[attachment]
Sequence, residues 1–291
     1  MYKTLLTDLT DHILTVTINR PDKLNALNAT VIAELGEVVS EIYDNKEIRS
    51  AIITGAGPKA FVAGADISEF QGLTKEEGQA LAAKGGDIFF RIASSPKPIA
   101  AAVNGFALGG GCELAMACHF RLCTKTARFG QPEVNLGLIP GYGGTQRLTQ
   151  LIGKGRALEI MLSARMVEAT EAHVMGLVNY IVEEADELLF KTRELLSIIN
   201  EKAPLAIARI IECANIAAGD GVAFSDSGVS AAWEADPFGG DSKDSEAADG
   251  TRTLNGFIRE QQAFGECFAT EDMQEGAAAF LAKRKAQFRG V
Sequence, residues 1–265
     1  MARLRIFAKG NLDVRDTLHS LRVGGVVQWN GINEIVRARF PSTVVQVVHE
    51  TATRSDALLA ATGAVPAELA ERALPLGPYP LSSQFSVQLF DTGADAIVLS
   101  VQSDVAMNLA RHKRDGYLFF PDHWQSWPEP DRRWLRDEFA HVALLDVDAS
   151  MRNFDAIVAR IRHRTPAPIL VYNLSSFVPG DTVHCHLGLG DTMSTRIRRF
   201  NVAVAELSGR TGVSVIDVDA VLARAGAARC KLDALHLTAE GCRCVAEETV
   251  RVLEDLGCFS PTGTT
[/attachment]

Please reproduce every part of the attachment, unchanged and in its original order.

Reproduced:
Sequence, residues 1–291
     1  MYKTLLTDLT DHILTVTINR PDKLNALNAT VIAELGEVVS EIYDNKEIRS
    51  AIITGAGPKA FVAGADISEF QGLTKEEGQA LAAKGGDIFF RIASSPKPIA
   101  AAVNGFALGG GCELAMACHF RLCTKTARFG QPEVNLGLIP GYGGTQRLTQ
   151  LIGKGRALEI MLSARMVEAT EAHVMGLVNY IVEEADELLF KTRELLSIIN
   201  EKAPLAIARI IECANIAAGD GVAFSDSGVS AAWEADPFGG DSKDSEAADG
   251  TRTLNGFIRE QQAFGECFAT EDMQEGAAAF LAKRKAQFRG V
Sequence, residues 1–265
     1  MARLRIFAKG NLDVRDTLHS LRVGGVVQWN GINEIVRARF PSTVVQVVHE
    51  TATRSDALLA ATGAVPAELA ERALPLGPYP LSSQFSVQLF DTGADAIVLS
   101  VQSDVAMNLA RHKRDGYLFF PDHWQSWPEP DRRWLRDEFA HVALLDVDAS
   151  MRNFDAIVAR IRHRTPAPIL VYNLSSFVPG DTVHCHLGLG DTMSTRIRRF
   201  NVAVAELSGR TGVSVIDVDA VLARAGAARC KLDALHLTAE GCRCVAEETV
   251  RVLEDLGCFS PTGTT